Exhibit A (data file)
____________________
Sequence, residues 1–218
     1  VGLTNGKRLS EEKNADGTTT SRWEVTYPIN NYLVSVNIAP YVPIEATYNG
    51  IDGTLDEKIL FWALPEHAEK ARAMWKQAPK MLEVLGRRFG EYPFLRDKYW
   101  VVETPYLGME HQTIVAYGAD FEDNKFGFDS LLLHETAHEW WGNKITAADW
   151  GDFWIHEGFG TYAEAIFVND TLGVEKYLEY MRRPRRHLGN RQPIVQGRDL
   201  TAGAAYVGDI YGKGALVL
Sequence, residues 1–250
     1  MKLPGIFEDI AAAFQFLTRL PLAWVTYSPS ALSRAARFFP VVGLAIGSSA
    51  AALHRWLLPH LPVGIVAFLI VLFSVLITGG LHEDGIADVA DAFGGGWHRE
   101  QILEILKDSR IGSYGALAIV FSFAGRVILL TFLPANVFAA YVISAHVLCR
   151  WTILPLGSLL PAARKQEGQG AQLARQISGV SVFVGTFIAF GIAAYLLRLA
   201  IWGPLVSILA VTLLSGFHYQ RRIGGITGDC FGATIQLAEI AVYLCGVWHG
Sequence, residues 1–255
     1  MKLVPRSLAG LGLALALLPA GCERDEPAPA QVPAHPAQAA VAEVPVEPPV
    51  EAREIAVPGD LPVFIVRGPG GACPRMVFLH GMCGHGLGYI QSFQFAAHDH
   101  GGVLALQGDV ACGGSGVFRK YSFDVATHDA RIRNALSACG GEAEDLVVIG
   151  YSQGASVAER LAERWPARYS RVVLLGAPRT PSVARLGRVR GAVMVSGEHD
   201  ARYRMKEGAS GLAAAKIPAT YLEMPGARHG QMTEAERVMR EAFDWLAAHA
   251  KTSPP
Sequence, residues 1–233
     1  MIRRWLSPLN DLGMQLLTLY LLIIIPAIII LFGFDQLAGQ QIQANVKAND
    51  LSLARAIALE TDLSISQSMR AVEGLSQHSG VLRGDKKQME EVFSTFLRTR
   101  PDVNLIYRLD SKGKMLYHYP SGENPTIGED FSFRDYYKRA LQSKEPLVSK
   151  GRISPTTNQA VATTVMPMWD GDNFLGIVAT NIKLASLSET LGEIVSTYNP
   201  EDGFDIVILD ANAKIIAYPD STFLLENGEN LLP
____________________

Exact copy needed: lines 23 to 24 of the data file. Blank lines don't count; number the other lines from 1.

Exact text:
   101  PDVNLIYRLD SKGKMLYHYP SGENPTIGED FSFRDYYKRA LQSKEPLVSK
   151  GRISPTTNQA VATTVMPMWD GDNFLGIVAT NIKLASLSET LGEIVSTYNP